Taipei Air Station - 1966 - - - " What you have in the end are memories"......... Photo Courtesy of Richard Reesh.

Monday, May 30, 2011

Memorial Day Ceremony in Taipei - UPDATED

As Memorial Day approached this year and I thought of the day, I was interested to know if there were any US Military Personnel resting in Taiwan soil.  There is the Foreign Cemetery in Tamsui. 

I contacted the Taiwan POW Camps Memorial Society  and spoke with Michael Hurst, the Director.

Mr. Hurst said there may be some very old graves of merchant seamen in the Tamsui Foreign Cemetery, but as far as he knew, no US Military Personnel rested there.

During World War II the Japanese held many Allied Military Personnel in Prisoner of War (POW) camps throughout the island of Taiwan.

Many US Military Personnel in these POW camps died and were buried in Taiwan soil.

At the close of WW II., the US Army Quartermaster Corps, Graves Commission went through Taiwan to repatriate the remains of US personnel.  If they could be identified, they were sent to their families in the US.  If the families did not claim the men, they were sent to either the Punchbowl Cemetery in Honolulu or to the Manila American Cemetery located on the grounds of Fort William McKinley. 

One group of American POWs who were killed when the hellship Enoura Maru was bombed in Kaohsiung Harbor on January 9, 1945 were buried in a mass grave at Chijin Beach. After the war their remains were recovered and most could not be identified so they were returned to the Punchbowl Cemetery in Honolulu and buried together in a series of graves marked as “Unknowns”.

Interest has been shown by family members of the men whom lie in those unmarked graves to have some kind of plaque erected on the site to tell the story of the men and their suffering and death on the hellship. The Punchbowl Cemetery has been approached and has basically agreed giving the parameters for building such a memorial, but so far no real action has been taken. The effort to place a plaque on this series of graves at Punchbowl Cemetery in Honolulu is a work, just beginning.

In my conversation with Michael Hurst of the Taiwan POW Society, I told him of my desire to visit a place in the Taipei area where I might find a grave of an American Military person.  I wanted to stop by and honor these men.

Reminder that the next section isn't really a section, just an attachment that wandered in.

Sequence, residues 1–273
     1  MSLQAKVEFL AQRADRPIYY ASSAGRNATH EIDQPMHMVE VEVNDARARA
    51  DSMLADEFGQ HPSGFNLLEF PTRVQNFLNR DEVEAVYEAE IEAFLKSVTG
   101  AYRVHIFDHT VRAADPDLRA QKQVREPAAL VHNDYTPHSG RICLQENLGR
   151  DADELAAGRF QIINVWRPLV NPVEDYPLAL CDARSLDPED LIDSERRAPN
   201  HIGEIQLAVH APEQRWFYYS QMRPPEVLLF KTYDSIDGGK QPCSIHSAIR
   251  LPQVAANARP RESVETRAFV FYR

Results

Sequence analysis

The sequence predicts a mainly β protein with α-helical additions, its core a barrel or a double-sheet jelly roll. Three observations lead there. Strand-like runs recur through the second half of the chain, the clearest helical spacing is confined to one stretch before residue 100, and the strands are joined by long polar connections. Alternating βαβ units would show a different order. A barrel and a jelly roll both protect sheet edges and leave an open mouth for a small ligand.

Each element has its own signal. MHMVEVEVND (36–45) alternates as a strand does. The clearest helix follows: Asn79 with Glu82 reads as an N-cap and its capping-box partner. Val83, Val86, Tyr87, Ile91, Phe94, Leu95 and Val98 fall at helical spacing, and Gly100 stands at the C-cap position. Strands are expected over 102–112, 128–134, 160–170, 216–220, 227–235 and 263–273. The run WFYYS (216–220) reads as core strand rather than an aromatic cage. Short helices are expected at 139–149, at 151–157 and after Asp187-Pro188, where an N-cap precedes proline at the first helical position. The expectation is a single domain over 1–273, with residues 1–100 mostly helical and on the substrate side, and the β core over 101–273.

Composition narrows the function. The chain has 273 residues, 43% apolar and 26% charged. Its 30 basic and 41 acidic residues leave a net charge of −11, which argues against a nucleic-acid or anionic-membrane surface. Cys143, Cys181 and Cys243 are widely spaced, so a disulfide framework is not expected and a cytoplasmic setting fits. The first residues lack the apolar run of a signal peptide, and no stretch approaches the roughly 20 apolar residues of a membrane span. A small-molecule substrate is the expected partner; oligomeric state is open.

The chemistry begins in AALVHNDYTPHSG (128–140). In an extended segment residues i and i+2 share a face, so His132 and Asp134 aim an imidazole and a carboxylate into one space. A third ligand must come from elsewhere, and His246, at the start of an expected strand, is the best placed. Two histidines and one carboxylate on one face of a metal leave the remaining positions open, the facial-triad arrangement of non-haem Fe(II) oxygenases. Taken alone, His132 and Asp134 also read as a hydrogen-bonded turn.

When I discovered that there was no scheduled Memorial Day gathering any place in the Taipei area, Michael said that he and I could visit the Old Taihoku Prison wall, which is the only thing remaining of the Taihoku Prison.

The Japanese Military considered those Allied flyers from the US Navy and Army Air Corps not as POWs but rather war criminals and held them in the Taihoku Prison in Taipei.  Less than 2 months before Japan surrendered at the end of WW II, Japanese military personnel took 14 of the American airmen before a military tribunal and held a mock trial, found them guilty, and subsequently executed all 14 men on June 19th, 1945.

Michael Hurst, the Director of the Taiwan POW Society, along with some friends, had a plaque made with permission from the Taipei City Government, and placed the plaque on the old stone prison wall which stands along an alleyway a short distance south of the Chiang Ki-shek Memorial. It was formally dedicated on June 20, 2009.

Today, May 30th 2011, Memorial Day, we met at the wall about 12:00 PM to hold a service for the 14 men who were murdered by the Japanese on 19 June 1945 and for all other US Military Personnel who have suffered and died, giving the ultimate sacrifice for our country.

 Below are my unedited videos, taken at the ceremony today.

Video 1

Video 2

As Michael Hurst said at the end of this video, the old stone wall, with the plaque, on the east side of the old Taihoku Prison grounds will become the gathering place for those who would come out on Memorial Day, the last Monday in the month of May each year, to honor and show our respect to all our US military personnel. 

I was not aware of the number of POW Camps the Japanese maintained in Taiwan.  If you are interested in the history of these Taiwan camps, please visit the Taiwan POW Camps Memorial Society, a fascinating web site.

Although the ceremony was put  together by Michael Hurst of the Taiwan POW Camps Memorial Society, I would like to thank everyone who came out this afternoon to participate and/or observe the time of remembrance.

UPDATE - 31 May 2011..

The Taipei Times Newspaper ran an article in the print edition of the paper this morning concerning the ceremony.  You can read the article HERE. 


Anonymous said...

I'm shocked when I viewed the "ZH" version of the news and events on AIT's website regarding the Memorial day ceremony in Kingaseki.

AIT have greeted veterans as "War Criminals" [戰犯]in the news text.

It's so sad to see pow's suffering and ultimate prices they paid for the freedom we enjoyed today. It's even more sad to see they were called "War Criminals" by the AIT's web publication.

I sincerely hope this is just some kind of flute of incompetent translation rather than a conspiracy to degrade these American's contribution to the world.

Fellow American Citizen from Taiwan

Anonymous said...

As June 27, 2011, AIT has corrected her "zh" version of news text on POW's interned in Kinkaseki as
戰俘(Prisoner-of-war)instead of
戰犯"War Criminal".